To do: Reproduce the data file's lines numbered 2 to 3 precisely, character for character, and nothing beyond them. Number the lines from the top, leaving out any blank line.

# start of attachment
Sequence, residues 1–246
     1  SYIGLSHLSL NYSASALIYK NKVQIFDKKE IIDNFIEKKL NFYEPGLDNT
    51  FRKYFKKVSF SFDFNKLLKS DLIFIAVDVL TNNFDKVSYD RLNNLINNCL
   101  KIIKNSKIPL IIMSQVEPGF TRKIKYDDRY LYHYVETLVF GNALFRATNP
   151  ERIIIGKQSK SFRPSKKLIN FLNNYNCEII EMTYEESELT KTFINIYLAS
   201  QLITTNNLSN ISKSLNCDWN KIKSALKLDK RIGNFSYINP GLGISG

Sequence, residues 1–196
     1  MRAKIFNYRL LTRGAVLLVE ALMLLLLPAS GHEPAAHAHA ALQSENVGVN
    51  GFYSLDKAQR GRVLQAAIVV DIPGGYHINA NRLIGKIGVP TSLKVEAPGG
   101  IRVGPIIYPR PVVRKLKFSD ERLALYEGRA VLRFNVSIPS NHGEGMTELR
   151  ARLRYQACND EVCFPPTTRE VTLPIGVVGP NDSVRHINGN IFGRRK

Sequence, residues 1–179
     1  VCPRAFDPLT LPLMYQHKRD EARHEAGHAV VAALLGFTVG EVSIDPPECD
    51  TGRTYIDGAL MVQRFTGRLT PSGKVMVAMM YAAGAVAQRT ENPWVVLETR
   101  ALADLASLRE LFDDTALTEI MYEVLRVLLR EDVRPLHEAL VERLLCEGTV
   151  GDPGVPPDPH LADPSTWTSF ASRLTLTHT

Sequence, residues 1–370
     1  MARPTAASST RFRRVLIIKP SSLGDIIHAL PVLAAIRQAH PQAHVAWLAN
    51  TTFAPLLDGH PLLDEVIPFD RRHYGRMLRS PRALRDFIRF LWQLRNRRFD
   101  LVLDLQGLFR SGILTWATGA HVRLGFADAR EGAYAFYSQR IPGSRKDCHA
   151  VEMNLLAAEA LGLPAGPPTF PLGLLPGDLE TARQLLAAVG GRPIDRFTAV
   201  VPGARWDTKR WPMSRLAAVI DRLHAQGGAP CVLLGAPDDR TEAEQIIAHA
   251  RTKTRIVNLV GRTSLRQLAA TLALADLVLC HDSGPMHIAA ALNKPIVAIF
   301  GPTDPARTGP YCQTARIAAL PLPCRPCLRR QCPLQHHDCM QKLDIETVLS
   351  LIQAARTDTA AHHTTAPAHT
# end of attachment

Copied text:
     1  SYIGLSHLSL NYSASALIYK NKVQIFDKKE IIDNFIEKKL NFYEPGLDNT
    51  FRKYFKKVSF SFDFNKLLKS DLIFIAVDVL TNNFDKVSYD RLNNLINNCL